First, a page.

I have a quick question that I am hoping you could help me on. It is about faith and the Arminian view of it. The Arminian side says that we must have faith before we are saved and that is what election is based on, I hope at least that that is what they say. I have been reading [a writer] and he states that we live by the faith of Jesus, not by our faith [in] Him. Meaning it is not our faith that saves us, but rather his faith/faithfulness that saves us. Would you agree to that? It seems like most of the Bible translations have those Scripture verses read our faith. Some that were in the book Gal. 2:20, Rom. 3:22, Philippians 3:8,9.I respond:
He also wrote that the last part of Romans 8:1 should not be included as it is in the KJV. I have looked at the Geneva Bible that you recommended and it has the last part of the verse in there as well. “… that walk not after the flesh, but after the Spirit” He argues that the writer’s eyes moved to verse 4.
If it is not our faith that saves us, but rather our Lord’s faith/faithfulness that saves us then I wonder how the Arminian side can stand? Would the argument be that it should not read His faith, but it should read our faith?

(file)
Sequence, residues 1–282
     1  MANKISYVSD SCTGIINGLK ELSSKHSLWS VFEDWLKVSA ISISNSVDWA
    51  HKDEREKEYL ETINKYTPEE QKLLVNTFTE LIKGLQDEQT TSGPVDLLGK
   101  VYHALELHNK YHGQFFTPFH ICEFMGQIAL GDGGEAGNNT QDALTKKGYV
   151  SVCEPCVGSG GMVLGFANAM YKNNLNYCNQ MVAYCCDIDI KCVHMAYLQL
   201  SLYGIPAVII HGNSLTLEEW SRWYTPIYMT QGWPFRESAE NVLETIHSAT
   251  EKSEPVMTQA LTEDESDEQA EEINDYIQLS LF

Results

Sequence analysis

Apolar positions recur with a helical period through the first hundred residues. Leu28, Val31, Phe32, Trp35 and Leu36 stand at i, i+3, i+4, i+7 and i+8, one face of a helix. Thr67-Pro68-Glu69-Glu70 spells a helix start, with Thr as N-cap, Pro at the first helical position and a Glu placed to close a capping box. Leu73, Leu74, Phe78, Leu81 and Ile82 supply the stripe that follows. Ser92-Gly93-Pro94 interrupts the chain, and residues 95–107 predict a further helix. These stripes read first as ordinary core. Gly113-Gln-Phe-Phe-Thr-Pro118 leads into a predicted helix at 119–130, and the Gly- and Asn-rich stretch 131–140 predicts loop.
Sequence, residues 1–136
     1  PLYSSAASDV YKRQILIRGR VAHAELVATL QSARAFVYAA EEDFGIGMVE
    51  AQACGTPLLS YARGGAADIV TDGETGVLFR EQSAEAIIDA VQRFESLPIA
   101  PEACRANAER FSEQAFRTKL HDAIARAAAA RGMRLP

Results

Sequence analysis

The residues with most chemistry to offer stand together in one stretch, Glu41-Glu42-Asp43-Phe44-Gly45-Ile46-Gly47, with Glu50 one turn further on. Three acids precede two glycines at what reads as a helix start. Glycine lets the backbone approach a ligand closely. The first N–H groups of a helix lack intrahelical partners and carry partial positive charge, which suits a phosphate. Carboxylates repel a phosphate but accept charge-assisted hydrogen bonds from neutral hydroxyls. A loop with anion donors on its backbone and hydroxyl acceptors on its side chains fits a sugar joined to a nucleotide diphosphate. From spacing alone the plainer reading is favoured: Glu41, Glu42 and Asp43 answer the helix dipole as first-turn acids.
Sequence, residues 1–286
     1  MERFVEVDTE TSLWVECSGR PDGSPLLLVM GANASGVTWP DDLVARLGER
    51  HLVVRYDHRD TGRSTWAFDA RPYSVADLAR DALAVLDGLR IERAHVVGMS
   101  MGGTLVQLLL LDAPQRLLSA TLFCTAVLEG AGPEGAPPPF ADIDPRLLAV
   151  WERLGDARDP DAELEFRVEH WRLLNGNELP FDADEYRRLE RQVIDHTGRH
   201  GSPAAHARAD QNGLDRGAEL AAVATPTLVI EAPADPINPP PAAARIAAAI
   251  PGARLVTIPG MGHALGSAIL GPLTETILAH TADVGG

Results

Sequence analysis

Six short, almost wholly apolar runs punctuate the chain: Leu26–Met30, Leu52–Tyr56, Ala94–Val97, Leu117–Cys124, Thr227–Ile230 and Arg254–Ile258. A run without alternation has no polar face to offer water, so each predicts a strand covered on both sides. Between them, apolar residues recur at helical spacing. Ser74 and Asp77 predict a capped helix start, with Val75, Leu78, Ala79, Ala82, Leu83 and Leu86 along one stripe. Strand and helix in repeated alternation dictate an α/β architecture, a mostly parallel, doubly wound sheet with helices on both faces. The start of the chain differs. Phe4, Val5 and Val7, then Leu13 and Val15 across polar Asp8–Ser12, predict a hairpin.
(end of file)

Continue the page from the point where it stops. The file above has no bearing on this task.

Thanks for the time and for shedding more light on this for me.
It is the righteousness of Christ, his faithful obedience to God's law, that saves us.
His work is imputed to us by faith. In other words, we trust in the work of Christ.
Thus, faith has an instrumental role.
One important problem with the Arminian position is that it fails to recognize what faith is: faith is trusting in the work of Christ.
Arminian theology tends to change faith into a work, something we do in order to be saved: as though we are saved on account of our faith (the thing itself) rather than on account of Christ's righteousness (the object of faith).
Because Arminian theology views faith as the meritorious cause of our salvation, Arminian theology also often asserts that the elect are chosen on account of foreseen faith.
There is a serious flaw with the Arminian argument though: faith is one of the fruits of the Spirit: it is something that the Spirit produces in us. Scripture says so.
How does the Spirit do so? By opening the spiritually blind eyes, and the spiritually deaf ears. Do you honestly think any person in their right mind prefers eternal punishment to eternal blessedness? Do you honestly think that any person does the calculus and decides that the pleasure of rebellion against God is worth eternal damnation?
It is a fearful thing to fall into the hands of the living God.
People do not seek the physician because they do not believe they are ill. Some people may not have looked to the brazen serpent, because they doubted the efficacy of that course of treatment for snake bite. Few people believe that Christ can save them, and few trust in Him to do so.
But note that we do not "trust in trust" or have "faith in faith" instead we trust in Christ, we have faith in the Son of God.